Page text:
Medical malpractice lawsuits are notoriously complicated in any state, and New York is no exception. In addition to amassing evidence and paperwork, the plaintiff and their representation are also required to follow specific protocols that include strict time restraints on filing.
As medical malpractice laws can vary greatly from state to state, it is especially important for a plaintiff to be aware of the specific deadlines, called statute of limitations, that apply to their case in New York. The best way to ensure a successful filing is to discuss your case with a highly experienced medical malpractice attorney who can serve as your advisor and advocate throughout the lawsuit process and ensure that all necessary procedures are followed in accordance with state law.
Medical malpractice occurs when a doctor, nurse, or other healthcare professional or institution fails to provide their patient with the appropriate standard of care expected for that particular procedure, resulting in the injury of the patient, or possibly wrongful death.
What is a Statute of Limitations?
The term, “Statute of Limitations” refers to a state law that sets a deadline for legal action to be taken in a specific case. Should a case be submitted outside this timeframe, it can be dismissed in court. There are different deadlines based on the type of claim you are filing, and in which state you are filing.
New York State Statutes for Medical Malpractice
New York’s medical malpractice statute of limitations is two and a half years from the time of the incident or omission or the last treatment where there was continuous treatment for the same illness, injury, or condition.
Exceptions to New York state Statutes for Medical Malpractice
New York has several exceptions that apply to the medical malpractice statute of limitations. These variations to the law can drastically impact the validity of your case, making it important to follow the guidance of an attorney.
Discovery of a Foreign Body
If a patient finds that a foreign body has been left inside their person, for example, an instrument or gauze during surgery, they have 1 year from the time the foreign body was discovered or the facts available made it reasonable to discover, whichever is earlier.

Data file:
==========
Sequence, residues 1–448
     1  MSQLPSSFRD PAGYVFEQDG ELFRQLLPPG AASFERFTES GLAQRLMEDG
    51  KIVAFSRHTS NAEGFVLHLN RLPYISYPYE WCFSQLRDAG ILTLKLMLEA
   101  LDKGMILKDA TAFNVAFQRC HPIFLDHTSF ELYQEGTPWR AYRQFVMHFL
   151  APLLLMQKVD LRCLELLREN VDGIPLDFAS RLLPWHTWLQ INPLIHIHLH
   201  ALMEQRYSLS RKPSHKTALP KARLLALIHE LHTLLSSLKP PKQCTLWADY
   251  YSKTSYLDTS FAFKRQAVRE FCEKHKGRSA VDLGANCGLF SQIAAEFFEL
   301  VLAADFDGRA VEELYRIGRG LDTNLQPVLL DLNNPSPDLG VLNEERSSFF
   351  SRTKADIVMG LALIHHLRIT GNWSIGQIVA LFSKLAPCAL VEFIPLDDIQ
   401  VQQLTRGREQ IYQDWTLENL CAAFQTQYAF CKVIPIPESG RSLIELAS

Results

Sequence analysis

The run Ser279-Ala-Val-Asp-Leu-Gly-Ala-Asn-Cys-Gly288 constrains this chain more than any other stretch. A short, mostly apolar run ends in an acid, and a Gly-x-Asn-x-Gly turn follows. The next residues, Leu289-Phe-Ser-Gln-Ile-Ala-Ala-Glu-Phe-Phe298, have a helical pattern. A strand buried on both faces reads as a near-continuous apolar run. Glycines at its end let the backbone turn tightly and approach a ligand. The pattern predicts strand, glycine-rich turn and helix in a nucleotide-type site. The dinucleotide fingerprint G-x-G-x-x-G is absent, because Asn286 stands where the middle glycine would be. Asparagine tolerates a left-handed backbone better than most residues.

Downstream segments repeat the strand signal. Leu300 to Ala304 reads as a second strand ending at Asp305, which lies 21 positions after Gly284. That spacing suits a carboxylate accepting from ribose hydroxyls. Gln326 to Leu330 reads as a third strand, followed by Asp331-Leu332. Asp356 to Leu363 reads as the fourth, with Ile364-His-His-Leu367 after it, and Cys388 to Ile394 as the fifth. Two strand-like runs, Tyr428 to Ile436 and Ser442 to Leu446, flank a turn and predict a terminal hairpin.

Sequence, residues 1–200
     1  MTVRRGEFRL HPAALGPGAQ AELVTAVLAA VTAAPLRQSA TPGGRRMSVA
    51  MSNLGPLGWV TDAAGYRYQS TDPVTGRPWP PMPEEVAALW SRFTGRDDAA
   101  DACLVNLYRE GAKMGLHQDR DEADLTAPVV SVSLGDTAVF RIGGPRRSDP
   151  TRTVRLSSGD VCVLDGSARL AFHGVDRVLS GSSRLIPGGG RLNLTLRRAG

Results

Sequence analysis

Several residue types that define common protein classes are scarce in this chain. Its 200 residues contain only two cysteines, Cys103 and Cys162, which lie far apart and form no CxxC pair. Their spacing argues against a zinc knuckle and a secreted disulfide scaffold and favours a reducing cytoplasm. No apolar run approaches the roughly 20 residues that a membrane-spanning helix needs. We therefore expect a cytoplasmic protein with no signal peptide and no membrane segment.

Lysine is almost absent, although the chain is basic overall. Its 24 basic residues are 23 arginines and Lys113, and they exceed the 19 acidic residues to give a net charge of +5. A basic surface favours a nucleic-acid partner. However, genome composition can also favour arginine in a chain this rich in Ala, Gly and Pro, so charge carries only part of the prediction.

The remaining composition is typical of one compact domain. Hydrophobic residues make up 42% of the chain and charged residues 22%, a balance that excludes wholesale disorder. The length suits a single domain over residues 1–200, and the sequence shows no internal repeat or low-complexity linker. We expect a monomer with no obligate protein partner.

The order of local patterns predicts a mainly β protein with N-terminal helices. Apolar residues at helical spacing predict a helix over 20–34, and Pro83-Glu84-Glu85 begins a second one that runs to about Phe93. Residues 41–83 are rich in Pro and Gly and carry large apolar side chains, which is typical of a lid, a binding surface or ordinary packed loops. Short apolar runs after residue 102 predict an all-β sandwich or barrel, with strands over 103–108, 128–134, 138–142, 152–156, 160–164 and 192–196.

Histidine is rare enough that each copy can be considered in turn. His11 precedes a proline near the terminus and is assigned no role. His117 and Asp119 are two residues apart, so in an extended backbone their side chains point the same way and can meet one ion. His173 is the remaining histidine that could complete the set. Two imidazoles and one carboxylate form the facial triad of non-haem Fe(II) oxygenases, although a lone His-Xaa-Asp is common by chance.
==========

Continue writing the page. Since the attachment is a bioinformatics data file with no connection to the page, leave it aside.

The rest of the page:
Negligent Cancer Diagnosis
When the action is based on negligent cancer or tumor diagnosis, or the failure to diagnose cancer or a tumor, the claim must be filed within two and half years from when the person realized or should have realized that the negligence occurred, or from the date of the last of continuous treatment. “Lavern’s Law,” named for Lavern Wilkinson and signed into effect in 2018, also establishes a seven-year limit from the time of the omission or act.
The state of New York does not hold a statute of limitations against a person who is not sane. The two-and-a-half-year statute begins on the date that person is considered legally well.
If the alleged negligent act or omission results in wrongful death, the family of the decedent has two years from the date of the person’s death to file a wrongful death claim.
How We Can Help
If you believe that you or a family member has received negligent medical care that resulted in an injury, it is important to contact an attorney immediately to begin an investigation. We can evaluate your case and guide you in the best next steps for your situation.
A top-ranking firm in New York, the team of medical malpractice attorneys at KDLM has experience handling cases involving birth injuries, surgical errors, medication errors, wrongful death, and missed or incorrect diagnosis, among other forms of medical negligence and malpractice. KDLM has been named the number-one law firm in the Medical Malpractice Hall of Fame, obtained the second and third largest medical malpractice verdicts in New York history, and had the largest settlement against the Health & Hospitals Corporation.
Contact our team of medical malpractice attorneys to discuss your case and start your road to recovery.